Stieglitz and O'Keeffe: Vision was the product of their union


January 31, 1993|By John Dorsey | John Dorsey,Art Critic

Jan. 1, 1916, should be known as a significant date in the history of American art because it was an even more significant one in the lives of photographer Alfred Stieglitz and painter Georgia O'Keeffe. It was Stieglitz's 52nd birthday, but that was the least of it. It was also the day on which artist Anita Pollitzer brought a group of drawings by her friend Georgia O'Keeffe to show Stieglitz at his New York gallery called 291.

Stieglitz was at a low point in his career and his life. Always most interested in promoting what he considered the best of contemporary art, in the early years of the 20th century he had introduced to America the work of Picasso, Braque, Cezanne and other leading European artists. But the celebrated 1913 New York Armory Show had more or less grabbed avant-garde art out of his hands.

Nor was his own photography going especially well. In particular, Belinda Rathbone points out in the catalog of the exhibit "Georgia O'Keeffe & Alfred Stieglitz: Two Lives" at Washington's Phillips Collection, Stieglitz had long sought an ideal woman to photograph without finding her in his wife, daughter or elsewhere.

O'Keeffe changed all that, for which both she and Stieglitz's eye deserve credit. He instantly recognized the quality of her charcoals, as he wrote to the artist later: "Those drawings, how I understand them. They are as if I saw a part of myself."

'Absolute Truth'

And as the world knows, if he saw a part of himself in O'Keeffe's art, he found another part of himself in O'Keeffe. It was as if she completed him by her own independence of spirit as well as her artistic essence, as he acknowledged in 1918: "I never realized that what she is could actually exist -- absolute Truth -- clarity of vision to the highest degree."

They formed a union almost immediately upon meeting and were married in 1924. In their closest years, from 1916 to about 1930, theirs was an extraordinary partnership. His encouragement and promotion helped make her a leading American artist, and she changed every aspect of his life. In those years he championed not only O'Keeffe, but a whole new group of American artists, including Marsden Hartley, Arthur Dove and John Marin. And, having found his ideal woman at last, he embarked on a photographic portrait of O'Keeffe that eventually grew to hundreds of images.

Although it is called "Two Lives," the show's central question has to do with how they affected one another's art. It's about time this subject was dealt with in an exhibit -- this one is billed as the first to show their work together since Stieglitz presented a joint exhibition in 1924.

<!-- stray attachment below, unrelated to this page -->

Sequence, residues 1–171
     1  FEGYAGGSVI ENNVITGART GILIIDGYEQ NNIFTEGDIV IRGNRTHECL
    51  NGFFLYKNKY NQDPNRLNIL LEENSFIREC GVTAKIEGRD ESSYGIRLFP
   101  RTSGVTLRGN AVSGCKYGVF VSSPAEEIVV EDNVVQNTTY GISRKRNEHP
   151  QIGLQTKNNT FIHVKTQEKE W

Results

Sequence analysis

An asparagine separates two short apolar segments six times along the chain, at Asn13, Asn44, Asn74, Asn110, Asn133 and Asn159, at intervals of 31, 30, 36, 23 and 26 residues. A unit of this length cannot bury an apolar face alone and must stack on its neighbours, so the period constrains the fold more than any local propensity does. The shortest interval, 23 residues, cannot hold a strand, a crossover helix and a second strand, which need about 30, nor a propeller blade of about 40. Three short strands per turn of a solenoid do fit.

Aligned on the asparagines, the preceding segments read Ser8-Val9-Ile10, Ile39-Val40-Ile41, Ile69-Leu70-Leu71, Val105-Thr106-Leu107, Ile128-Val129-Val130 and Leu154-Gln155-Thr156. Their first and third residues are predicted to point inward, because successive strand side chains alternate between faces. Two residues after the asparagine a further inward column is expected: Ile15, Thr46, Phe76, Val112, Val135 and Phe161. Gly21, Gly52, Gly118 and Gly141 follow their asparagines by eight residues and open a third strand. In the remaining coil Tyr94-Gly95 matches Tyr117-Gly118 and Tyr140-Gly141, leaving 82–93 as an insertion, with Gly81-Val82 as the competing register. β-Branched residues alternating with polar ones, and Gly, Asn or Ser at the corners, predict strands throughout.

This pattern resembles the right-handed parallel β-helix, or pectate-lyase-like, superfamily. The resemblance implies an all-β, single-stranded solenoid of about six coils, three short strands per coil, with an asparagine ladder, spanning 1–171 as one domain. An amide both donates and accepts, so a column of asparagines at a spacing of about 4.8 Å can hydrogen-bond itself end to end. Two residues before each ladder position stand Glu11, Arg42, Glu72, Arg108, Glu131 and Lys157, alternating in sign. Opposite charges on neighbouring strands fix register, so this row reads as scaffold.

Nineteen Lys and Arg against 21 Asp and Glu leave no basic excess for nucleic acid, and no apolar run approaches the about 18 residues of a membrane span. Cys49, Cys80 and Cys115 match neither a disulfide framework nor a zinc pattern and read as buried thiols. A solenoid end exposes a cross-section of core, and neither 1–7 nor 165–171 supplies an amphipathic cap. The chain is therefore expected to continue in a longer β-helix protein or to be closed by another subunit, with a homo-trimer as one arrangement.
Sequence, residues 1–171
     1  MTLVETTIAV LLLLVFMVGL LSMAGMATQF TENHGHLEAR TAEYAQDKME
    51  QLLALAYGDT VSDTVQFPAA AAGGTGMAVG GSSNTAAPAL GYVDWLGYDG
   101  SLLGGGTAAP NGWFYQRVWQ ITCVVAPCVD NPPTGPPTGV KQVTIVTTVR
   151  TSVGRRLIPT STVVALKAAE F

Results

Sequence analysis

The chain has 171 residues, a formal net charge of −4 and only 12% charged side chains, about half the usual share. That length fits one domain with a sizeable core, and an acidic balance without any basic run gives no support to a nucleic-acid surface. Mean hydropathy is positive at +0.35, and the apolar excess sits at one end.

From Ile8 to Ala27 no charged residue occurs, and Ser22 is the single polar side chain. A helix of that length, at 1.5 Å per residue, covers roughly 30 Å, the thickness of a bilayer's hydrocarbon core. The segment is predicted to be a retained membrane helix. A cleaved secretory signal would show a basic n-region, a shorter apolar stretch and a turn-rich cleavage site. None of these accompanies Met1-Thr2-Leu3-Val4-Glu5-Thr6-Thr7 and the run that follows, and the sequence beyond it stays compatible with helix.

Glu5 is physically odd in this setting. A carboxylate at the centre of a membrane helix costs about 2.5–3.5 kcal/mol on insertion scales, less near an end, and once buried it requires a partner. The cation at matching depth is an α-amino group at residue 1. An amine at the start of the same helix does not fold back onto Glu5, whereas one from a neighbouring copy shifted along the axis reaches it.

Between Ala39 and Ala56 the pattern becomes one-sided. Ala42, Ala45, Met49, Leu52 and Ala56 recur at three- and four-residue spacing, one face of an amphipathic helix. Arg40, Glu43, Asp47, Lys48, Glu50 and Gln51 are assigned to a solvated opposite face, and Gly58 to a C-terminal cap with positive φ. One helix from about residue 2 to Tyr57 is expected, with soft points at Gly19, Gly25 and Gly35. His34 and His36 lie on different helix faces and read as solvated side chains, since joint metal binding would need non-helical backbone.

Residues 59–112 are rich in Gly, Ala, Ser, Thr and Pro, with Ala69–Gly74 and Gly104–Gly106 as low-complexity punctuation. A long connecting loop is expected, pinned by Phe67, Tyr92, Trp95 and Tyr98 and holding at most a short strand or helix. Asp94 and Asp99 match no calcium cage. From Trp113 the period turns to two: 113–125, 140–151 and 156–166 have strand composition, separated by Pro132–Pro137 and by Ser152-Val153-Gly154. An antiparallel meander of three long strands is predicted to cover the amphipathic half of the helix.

As such, it's unquestionably an important event. But in an almost perverse way it's also a disturbing one; for while the catalog's essays argue intelligently for a developing relatedness of vision, the catalog's -- and to a lesser extent the show's -- visual juxtapositions are at times so pat they come close to turning the whole exercise into a kind of cliche.

What the essayists argue for, to oversimplify it, is that O'Keeffe and Stieglitz drew one another toward a kind of abstraction of the object in an effort to approach something essential that could be expressed through it -- whether "it" was a building, a human form, a flower or a landscape.

In her essay on O'Keeffe's effect on Stieglitz, Belinda Rathbone writes: "With O'Keeffe's help, he literally pruned his vision, as he began to appreciate the landscape as abstract space, waiting to be cut to the shape of his feelings."

For O'Keeffe's part, writes Elizabeth Hutton Turner, "Already during her first year with Stieglitz, O'Keeffe began exploring the photographer's shallow depth of field in which everything is visible. . . . Stieglitz's photographs had made objects out of her abstractions. Her paintings had made abstractions out of his Portrait photographs. Now, sensitive to the subjective side of photography, O'Keeffe declared, 'Nothing is less real than realism.' This realization freed her from the need to choose between abstraction and representation, art and photography. To both their ways of thinking it was an entirely new direction, one which put her and Stieglitz on an equal footing to pursue and capture 'the real meaning of things' in nature together."

The trouble with the visual part of this enterprise is that it too often simply pairs works of O'Keeffe and Stieglitz that look alike, which tends to trivialize what they were doing.

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